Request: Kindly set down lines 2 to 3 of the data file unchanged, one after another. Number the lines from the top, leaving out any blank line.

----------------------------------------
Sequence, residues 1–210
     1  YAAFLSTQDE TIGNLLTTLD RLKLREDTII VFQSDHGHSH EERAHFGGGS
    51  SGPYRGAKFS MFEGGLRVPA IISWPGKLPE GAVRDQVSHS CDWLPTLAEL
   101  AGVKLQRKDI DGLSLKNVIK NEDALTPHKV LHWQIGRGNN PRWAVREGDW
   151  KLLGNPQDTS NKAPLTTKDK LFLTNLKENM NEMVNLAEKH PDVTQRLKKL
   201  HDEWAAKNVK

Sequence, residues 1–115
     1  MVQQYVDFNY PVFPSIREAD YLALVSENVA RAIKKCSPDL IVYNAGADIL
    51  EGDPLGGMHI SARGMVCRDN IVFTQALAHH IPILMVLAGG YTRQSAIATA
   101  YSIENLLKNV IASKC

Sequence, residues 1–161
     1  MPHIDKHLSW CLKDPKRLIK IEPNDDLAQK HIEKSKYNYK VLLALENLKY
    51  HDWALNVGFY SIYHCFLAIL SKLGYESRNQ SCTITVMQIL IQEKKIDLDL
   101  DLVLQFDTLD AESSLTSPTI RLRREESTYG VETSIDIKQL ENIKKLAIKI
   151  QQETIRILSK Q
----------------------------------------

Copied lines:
     1  YAAFLSTQDE TIGNLLTTLD RLKLREDTII VFQSDHGHSH EERAHFGGGS
    51  SGPYRGAKFS MFEGGLRVPA IISWPGKLPE GAVRDQVSHS CDWLPTLAEL